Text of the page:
But that is not the whole story. Alabama's politicians are no fools. As illustrated here, one reason that all that federal funding might appear to be for naught is that Alabama –like many of the states that are subsidized under this massive federal income redistribution scheme – uses the opportunity created by all that money flowing in to keep its state tax rates much lower than the blue states that those politicians ridicule for their high tax rates, but which nonetheless continue to send them money, year in and year out.

Donald Trump won thirty of fifty states this past November. Those thirty states represent thirty of the thirty-four states with the lowest per capita incomes in the country. According to Tax Foundation data, twenty-five of those states were net recipients of federal funds, and only two of them – in comparison to twelve of the twenty states he lost – got back less than $0.90 for every dollar they paid in Federal taxes.

The economic productivity of states – or lack of economic productivity in the case of Trump states – directly mirrors the levels of educational attainment of their populations. Twenty-eight of the states that voted for Donald Trump were among the thirty-one states that had the lowest percentage of their population over the age of twenty-five with a bachelor's degree. And, as illustrated here, all thirty of those states were among the thirty-three states that had the lowest percentage of the population over the age of twenty-five with an advanced degree.

This is not about elitism or snobbery, but about the direct correlation between educational attainment and personal incomes in the United States. Educational attainment and personal incomes in states are as much a function of state policy over time as federal policy, as education funding and policy remain primarily state and local responsibilities. Therefore it is not unreasonable to suggest that levels of individual and family incomes, educational attainment, and economic performance of states over time reflect state policy and investment decisions.

This is as true in California as it has been anywhere in the country. For a half-century, dating back to the Kerr Commission in the early 1960s, the State of California has focused on the development of an integrated system of higher education including everything from its expansive network of community colleges to the funding of its world-class research universities. That higher education system has in turn supported the development of world class industries across the state from aerospace to toys to Hollywood to the Silicon Valley.

In a world where educational attainment is closely linked to economic outcomes – as illustrated in this graph, which plots unemployment rates against educational attainment over time – red states that have boasted about low taxes for decades, but underinvested in education, turn out to have undermined the economic prospects for their residents and communities. Those states are like the less productive countries of Europe, known as the PIGS – Portugal, Italy, Greece and Spain – that have dragged down the economic performance of the European Union as a whole.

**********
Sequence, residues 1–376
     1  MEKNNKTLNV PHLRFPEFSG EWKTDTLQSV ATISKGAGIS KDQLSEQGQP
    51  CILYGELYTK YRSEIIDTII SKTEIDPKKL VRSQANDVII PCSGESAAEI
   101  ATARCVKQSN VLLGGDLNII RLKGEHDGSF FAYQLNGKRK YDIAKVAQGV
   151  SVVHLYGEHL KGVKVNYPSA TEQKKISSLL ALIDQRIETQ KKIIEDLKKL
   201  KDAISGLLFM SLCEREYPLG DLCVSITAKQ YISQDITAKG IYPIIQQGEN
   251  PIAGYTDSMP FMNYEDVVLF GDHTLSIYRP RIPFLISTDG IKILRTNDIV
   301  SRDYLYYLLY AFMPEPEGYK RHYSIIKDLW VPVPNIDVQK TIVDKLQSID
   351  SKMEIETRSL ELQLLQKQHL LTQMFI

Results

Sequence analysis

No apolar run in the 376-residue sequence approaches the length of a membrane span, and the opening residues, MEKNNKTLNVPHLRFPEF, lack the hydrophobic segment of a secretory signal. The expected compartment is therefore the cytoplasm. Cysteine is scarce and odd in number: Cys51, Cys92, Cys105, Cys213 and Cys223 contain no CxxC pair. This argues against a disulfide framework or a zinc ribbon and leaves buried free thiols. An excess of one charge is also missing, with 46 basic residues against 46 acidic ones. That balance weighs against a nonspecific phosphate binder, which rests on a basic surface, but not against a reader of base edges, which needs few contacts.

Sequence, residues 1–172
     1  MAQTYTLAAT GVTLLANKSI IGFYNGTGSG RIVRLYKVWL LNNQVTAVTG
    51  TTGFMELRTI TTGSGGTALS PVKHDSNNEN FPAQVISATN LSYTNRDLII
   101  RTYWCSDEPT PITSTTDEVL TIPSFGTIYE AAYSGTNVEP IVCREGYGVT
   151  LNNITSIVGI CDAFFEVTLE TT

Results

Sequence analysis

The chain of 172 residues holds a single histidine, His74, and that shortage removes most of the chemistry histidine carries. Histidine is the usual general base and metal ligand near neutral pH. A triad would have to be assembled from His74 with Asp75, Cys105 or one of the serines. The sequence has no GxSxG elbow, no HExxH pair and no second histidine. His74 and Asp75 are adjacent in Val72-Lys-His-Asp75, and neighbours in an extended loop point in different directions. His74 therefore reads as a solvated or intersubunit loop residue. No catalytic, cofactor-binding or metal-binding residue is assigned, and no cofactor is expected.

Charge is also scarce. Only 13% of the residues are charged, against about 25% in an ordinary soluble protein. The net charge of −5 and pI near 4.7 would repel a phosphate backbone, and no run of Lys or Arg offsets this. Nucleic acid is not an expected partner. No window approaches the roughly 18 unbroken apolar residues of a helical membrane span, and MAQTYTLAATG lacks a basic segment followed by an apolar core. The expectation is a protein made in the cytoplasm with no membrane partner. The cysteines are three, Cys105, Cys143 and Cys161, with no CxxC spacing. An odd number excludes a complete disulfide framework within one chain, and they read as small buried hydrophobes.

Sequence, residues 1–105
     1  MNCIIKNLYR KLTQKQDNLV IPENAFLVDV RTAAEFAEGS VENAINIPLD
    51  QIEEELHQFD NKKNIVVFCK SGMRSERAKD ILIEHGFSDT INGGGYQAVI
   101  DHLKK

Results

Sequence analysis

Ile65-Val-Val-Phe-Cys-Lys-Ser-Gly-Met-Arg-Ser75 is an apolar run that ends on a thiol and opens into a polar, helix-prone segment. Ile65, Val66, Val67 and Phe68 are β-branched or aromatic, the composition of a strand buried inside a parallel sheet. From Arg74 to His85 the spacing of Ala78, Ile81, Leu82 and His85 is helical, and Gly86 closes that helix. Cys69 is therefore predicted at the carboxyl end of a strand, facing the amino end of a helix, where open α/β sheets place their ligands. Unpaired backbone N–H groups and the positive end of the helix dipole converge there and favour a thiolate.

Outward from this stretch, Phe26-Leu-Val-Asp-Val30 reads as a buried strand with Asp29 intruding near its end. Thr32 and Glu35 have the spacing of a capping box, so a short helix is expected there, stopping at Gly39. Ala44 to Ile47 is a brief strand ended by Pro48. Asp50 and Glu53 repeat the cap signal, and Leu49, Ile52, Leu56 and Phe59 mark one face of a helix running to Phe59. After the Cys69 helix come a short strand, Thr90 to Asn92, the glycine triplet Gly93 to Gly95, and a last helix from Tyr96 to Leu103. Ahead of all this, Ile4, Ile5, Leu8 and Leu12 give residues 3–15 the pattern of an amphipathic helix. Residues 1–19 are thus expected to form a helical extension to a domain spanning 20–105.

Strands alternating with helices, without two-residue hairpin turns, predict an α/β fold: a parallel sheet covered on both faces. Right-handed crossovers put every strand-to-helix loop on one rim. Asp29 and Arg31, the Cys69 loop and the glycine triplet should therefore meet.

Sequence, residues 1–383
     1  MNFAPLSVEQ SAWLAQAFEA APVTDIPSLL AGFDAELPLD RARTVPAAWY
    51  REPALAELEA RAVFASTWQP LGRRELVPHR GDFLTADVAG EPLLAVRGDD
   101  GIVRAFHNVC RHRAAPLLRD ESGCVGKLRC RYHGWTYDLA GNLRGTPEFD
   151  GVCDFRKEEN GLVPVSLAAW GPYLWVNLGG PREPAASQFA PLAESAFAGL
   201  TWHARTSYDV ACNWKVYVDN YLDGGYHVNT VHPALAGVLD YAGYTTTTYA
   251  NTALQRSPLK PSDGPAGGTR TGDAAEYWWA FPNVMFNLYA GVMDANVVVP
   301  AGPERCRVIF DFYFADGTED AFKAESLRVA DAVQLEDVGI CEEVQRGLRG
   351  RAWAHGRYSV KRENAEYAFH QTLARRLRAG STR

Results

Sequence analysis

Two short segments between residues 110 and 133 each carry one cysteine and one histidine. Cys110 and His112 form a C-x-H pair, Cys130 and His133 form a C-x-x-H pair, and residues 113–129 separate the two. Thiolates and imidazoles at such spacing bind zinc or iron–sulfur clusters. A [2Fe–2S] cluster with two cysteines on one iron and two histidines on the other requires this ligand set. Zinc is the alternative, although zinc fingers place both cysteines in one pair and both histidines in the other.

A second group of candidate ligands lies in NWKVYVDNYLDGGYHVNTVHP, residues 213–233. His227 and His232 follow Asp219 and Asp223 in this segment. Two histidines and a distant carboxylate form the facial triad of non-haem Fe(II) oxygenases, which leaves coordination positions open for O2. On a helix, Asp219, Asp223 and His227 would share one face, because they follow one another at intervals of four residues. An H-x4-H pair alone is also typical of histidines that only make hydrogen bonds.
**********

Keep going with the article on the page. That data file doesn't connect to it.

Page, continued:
But unlike in the EU, where the large, successful economies are in control, we have put the PIGS in charge. Every one of the elected officials appointed to Trump's cabinet come from red states whose incomes and educational attainment lag the nation as a whole. The Trump administration's economic development policies focus heavily on corporate tax cuts and deregulation, as well as Trump's belief in his own personal powers of persuasion. Yet tax cuts, deregulation, and jawboning companies into shifting manufacturing back to the United States do little to address the issues that less educated workers face in their own lives. Trump's oft-stated belief that he alone can fix things is a poor long-term substitute for assuring that those workers understand the factors that are critical to their and their families' economic success over time, and that they have the tools available to control their own destiny.

Donald Trump knew he could score cheap political points with his base by lashing out at California. But as always seems to be the case with Trump, talk is cheap. It should come as no surprise that millions of Californians take to the idea of Calexit. They know it will never happen, but it has to get tough, year after year, to pay taxes to support your own state, knowing that on top of everything, you have to pay extra to support someone else's state. And now they get mocking tweets and I.C.E. raids. Instead of giving California a hard time, perhaps Trump should point out to his supporters that those reviled blue states and their educated elites are the ones who are ponying up the money to pay for those checks they get in the mail every month.

Artwork by Jay Duret. Follow him on Twitter @jayduret or Instagram at @joefaces.